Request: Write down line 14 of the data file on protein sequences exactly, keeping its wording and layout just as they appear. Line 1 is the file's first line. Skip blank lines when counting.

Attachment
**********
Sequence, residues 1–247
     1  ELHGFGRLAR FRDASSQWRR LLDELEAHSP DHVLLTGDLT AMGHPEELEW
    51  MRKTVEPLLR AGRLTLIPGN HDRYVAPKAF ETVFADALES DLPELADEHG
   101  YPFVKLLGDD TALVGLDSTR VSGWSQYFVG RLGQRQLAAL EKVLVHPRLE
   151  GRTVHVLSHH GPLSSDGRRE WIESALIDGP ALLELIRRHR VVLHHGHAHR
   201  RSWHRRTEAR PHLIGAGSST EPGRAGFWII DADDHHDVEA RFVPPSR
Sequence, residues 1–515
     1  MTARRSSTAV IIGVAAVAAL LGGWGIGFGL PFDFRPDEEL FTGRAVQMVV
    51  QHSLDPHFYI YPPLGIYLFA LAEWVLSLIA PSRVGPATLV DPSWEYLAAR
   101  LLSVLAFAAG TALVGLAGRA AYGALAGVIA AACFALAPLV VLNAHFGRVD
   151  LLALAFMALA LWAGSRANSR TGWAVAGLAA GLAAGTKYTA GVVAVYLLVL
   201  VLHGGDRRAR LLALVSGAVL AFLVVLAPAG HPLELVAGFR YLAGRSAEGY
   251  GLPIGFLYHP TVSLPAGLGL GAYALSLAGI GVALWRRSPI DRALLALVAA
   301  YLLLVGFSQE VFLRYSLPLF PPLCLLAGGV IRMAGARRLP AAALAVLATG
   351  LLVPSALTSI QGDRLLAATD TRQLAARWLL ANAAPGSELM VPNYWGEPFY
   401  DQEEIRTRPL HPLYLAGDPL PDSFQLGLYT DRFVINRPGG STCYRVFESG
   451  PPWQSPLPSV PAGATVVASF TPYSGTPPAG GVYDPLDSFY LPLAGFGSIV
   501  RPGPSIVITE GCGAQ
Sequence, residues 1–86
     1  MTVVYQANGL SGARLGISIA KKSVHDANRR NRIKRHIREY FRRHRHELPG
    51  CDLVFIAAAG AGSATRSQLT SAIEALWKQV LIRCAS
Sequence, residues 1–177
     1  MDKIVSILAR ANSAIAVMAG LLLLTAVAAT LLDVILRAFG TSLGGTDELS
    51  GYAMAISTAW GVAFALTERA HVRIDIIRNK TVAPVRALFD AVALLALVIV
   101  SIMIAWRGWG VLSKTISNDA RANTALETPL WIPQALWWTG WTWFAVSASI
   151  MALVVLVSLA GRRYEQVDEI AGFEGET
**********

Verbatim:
   301  YLLLVGFSQE VFLRYSLPLF PPLCLLAGGV IRMAGARRLP AAALAVLATG